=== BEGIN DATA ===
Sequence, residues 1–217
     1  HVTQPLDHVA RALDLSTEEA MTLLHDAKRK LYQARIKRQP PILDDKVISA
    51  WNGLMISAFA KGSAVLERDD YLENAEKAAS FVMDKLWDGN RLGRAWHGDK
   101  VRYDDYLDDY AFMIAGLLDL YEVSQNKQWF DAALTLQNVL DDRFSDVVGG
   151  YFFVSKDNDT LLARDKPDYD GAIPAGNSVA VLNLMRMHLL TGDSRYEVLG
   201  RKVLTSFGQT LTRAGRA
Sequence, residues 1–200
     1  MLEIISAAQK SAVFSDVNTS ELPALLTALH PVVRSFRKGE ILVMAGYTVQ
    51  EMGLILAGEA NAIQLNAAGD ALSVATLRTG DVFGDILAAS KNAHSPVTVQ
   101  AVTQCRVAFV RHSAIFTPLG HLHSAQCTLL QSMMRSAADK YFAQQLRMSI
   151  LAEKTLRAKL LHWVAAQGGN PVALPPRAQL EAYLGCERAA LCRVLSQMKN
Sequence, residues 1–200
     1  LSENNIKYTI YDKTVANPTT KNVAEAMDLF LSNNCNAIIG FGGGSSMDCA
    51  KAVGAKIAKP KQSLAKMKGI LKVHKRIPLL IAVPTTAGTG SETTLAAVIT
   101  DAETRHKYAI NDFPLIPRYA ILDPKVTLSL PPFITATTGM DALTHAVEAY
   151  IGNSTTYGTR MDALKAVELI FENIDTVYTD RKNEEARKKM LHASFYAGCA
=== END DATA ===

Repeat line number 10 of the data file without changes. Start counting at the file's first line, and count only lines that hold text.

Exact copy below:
   101  AVTQCRVAFV RHSAIFTPLG HLHSAQCTLL QSMMRSAADK YFAQQLRMSI